THE Bharatiya Janata Party (BJP) has been ceaselessly proclaiming its devotion to Vinayak Damodar Savarkar and the ideology and the term he propounded in his essay Hindutva in 1923. It was, he rightly asserted, a new term that he had coined in order to distinguish it from Hinduism, a great and noble faith. It is time we asked when did the Rashtriya Swayamsewak Sangh (or RSS, formed in 1925) and its political outfits, the Jana Sangh (formed in 1951) and the Bharatiya Janata Party (formed in 1980), fall in love with this hero and his ideology.
Certainly not since their respective births, as their profuse claims would have us believe. The attachment is of a far, far later origin, and it is purely opportunistic. When the Jana Sangh split from the Janata Party in 1980 on the issue of dual membership of the RSS, it did not revive the Jana Sangh, which sheer honesty demanded. Instead, the new outfit adopted two titles, both directly opposed to Savarkar and his Hindutva. One was the deceptive title Bharatiya Janata Party, as if it was the real Janata Party, a creation of Jayaprakash Narayan. Another was its adoption of “Gandhian socialism” as its ideology. Not a word about Savarkar or his Hindutva. Hindutva was adopted by the BJP around 1989-90 when it also adopted the acquisition of the Babri Masjid as its goal in the Palampur resolution of June 11, 1989, on the eve of the general election. Gandhian socialism was abandoned in 1985 by the BJP’s national executive. The national council restored it but along with its bogus “intellectual” Deen Dayal Upadhyaya’s “integral humanism”. That, too, was dropped in favour of Hindutva. The BJP is a political chameleon.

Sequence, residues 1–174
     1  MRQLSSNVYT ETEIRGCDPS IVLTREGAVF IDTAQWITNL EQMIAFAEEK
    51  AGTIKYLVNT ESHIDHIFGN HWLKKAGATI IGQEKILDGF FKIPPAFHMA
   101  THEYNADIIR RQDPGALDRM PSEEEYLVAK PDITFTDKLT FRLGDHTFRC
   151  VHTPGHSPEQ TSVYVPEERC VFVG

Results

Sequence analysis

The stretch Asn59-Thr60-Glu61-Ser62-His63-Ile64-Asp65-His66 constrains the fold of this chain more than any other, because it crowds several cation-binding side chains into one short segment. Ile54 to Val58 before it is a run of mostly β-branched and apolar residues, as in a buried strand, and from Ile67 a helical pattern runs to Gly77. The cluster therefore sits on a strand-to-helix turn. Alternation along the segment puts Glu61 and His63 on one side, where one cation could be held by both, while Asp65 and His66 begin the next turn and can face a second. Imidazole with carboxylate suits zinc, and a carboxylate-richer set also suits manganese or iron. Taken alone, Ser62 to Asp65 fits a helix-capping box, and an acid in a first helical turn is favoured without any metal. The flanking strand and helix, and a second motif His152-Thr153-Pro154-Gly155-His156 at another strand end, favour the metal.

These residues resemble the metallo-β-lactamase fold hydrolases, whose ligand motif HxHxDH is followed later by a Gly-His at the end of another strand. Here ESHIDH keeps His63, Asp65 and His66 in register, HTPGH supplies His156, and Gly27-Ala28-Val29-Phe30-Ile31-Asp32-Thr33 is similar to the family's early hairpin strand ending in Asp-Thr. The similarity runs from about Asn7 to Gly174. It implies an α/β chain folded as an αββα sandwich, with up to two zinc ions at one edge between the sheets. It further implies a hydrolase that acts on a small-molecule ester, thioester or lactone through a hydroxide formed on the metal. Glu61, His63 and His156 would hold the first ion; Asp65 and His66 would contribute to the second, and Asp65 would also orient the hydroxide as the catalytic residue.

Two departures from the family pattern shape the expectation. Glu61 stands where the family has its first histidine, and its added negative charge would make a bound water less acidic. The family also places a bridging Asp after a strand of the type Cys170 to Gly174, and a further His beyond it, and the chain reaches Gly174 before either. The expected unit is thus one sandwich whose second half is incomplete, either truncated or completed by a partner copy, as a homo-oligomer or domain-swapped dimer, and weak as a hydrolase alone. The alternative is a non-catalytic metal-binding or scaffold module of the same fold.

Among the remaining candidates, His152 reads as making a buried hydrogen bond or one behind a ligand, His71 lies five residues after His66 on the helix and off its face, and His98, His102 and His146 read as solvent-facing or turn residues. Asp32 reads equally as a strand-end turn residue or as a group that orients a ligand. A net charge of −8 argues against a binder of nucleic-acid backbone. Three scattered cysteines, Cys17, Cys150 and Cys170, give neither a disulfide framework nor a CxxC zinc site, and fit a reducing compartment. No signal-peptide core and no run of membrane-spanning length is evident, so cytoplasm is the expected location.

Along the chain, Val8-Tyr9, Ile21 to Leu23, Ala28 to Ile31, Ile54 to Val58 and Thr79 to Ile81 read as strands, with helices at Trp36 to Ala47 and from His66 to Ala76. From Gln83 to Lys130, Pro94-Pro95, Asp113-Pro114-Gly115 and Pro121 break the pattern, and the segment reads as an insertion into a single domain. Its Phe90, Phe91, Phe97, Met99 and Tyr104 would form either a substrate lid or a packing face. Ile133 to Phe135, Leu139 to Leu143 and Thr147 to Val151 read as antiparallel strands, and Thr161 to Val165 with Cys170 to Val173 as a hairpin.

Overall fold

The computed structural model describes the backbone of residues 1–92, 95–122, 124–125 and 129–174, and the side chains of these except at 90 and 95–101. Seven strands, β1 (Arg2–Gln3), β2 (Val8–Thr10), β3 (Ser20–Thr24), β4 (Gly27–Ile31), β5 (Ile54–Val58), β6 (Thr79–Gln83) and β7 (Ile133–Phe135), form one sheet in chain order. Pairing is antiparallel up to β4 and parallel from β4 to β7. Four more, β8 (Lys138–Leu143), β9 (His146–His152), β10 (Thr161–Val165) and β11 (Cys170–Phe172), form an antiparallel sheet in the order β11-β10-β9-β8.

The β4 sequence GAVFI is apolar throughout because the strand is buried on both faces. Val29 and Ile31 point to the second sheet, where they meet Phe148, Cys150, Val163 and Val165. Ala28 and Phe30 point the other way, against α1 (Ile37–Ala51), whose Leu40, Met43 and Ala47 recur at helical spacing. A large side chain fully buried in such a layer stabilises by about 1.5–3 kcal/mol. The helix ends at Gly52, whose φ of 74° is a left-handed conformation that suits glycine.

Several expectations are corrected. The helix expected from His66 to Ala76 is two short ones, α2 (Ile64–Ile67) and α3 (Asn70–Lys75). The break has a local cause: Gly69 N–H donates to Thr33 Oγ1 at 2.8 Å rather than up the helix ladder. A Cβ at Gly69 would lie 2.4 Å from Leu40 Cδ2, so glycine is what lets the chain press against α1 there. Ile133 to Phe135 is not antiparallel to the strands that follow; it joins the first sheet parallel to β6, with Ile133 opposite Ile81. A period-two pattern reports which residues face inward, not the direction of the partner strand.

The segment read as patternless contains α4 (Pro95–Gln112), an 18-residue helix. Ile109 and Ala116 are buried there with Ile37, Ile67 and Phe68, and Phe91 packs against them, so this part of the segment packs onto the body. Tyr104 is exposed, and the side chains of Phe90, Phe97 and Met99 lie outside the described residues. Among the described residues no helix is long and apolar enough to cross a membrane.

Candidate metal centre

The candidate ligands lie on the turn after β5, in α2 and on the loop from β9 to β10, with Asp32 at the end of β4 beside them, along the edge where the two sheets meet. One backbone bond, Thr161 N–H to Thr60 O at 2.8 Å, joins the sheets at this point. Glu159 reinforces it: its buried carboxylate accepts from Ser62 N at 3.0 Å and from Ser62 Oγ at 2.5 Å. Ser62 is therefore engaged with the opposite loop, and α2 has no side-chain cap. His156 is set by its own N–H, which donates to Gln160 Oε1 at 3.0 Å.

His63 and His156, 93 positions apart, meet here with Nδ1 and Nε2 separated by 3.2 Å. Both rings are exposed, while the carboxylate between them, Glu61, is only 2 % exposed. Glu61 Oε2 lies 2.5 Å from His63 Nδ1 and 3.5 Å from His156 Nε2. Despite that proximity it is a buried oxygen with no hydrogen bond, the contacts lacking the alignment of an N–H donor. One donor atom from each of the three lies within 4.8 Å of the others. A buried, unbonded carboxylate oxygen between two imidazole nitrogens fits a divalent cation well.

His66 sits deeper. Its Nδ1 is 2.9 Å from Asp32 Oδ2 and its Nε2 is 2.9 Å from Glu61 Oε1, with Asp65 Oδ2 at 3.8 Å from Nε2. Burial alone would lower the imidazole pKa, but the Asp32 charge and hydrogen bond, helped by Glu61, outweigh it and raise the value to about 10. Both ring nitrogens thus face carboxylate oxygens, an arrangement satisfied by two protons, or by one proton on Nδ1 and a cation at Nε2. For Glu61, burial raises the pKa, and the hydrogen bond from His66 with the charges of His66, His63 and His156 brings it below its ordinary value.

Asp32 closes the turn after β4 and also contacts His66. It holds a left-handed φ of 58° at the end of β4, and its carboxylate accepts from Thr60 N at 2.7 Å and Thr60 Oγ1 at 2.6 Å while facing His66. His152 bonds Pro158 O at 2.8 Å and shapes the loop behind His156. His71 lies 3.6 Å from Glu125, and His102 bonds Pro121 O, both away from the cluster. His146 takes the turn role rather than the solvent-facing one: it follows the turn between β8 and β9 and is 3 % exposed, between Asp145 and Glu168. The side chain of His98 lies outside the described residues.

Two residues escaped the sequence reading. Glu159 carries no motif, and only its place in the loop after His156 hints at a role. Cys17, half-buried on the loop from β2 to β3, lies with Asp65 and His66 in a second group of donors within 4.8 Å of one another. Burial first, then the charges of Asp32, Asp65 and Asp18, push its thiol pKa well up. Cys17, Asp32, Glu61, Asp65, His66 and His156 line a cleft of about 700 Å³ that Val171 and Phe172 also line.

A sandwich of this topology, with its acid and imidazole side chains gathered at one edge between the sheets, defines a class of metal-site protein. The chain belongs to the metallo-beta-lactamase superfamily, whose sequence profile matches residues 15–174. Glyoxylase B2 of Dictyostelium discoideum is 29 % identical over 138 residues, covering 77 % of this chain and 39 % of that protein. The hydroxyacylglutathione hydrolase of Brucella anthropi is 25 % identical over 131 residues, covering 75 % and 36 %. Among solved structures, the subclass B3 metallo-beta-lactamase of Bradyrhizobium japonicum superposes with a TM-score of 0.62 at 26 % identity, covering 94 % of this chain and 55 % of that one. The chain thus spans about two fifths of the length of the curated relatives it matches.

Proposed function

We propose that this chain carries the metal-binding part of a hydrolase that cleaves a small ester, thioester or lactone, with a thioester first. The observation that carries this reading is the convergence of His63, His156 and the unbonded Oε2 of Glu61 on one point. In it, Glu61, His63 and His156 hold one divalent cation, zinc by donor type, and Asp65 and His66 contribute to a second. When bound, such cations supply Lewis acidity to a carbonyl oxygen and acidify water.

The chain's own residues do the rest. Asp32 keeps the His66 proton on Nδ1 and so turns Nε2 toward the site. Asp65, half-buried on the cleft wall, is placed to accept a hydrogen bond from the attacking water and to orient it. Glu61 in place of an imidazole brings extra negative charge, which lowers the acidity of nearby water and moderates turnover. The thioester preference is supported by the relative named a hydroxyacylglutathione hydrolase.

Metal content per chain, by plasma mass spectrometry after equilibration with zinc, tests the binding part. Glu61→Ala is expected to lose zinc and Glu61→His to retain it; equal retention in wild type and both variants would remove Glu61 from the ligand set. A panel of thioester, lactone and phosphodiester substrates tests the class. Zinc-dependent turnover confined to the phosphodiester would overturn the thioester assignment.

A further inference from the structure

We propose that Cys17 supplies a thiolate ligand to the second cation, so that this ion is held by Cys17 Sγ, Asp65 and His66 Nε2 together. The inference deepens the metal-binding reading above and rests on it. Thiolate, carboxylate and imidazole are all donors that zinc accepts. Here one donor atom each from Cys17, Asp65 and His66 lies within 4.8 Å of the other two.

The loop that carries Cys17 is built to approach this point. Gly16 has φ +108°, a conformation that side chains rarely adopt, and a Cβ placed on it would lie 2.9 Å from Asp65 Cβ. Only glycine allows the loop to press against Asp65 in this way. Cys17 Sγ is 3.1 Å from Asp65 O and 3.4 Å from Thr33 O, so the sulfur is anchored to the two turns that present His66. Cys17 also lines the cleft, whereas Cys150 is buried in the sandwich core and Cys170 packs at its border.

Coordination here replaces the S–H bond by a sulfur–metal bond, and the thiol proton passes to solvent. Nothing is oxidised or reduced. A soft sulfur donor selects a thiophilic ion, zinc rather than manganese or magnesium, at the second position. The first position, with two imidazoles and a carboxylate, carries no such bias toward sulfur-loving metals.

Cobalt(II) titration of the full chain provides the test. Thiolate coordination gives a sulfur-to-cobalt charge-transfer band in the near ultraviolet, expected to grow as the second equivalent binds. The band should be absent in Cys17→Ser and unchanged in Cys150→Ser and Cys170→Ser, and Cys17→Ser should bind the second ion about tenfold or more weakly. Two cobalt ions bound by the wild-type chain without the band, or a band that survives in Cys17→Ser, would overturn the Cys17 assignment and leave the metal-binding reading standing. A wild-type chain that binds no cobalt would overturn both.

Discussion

L.K. Advani launched his “chariot procession” on September 25, 1990. But it was at Port Blair in the Andamans that he nailed his colours to the mast on May 4, 2002: “There is no reason to fight shy of… Hindutva propounded at great length by Veer Savarkar”; a tacit admission that he was adopting a malodorous character as his guru. “It is an all-encompassing ideology with its roots in the country’s heritage.” Why then did it take Advani so long to discover that heritage?
It is strange that none in the freedom movement acknowledged Savarkar’s role as they did, for example, Bhagat Singh’s role. Was the Sangh’s great “hero” ever invited to any of the annual sessions of the Indian National Congress? Lala Lajpat Rai belonged to the Congress as well as the Hindu Mahasabha. A man of character and integrity, he was a scholar. His outlook stands in contrast to Savarkar’s, as the scholar Vanya Vaidehi Bhargav notes: “In his 1918 book, The Problem of National Education, Lajpat Rai insisted that ‘we modern Indians can be as well proud of a Hali, an Iqbal, a Mohani as of Tagore, Roy and Harishchandra. We are proud of Sir Syed Ahmed Khan as of Ram Mohun Roy and Dayanand.’ Similarly, he insisted that ‘the admiration from the religious, philosophic, and epic literature of India, just as the educated Hindu reckons the Taj and Fatehpur Sikri among the glories, not of Muslim but of Indian architecture’” (“The Inclusive Nationalist”, The Indian Express, January 29, 2019 ).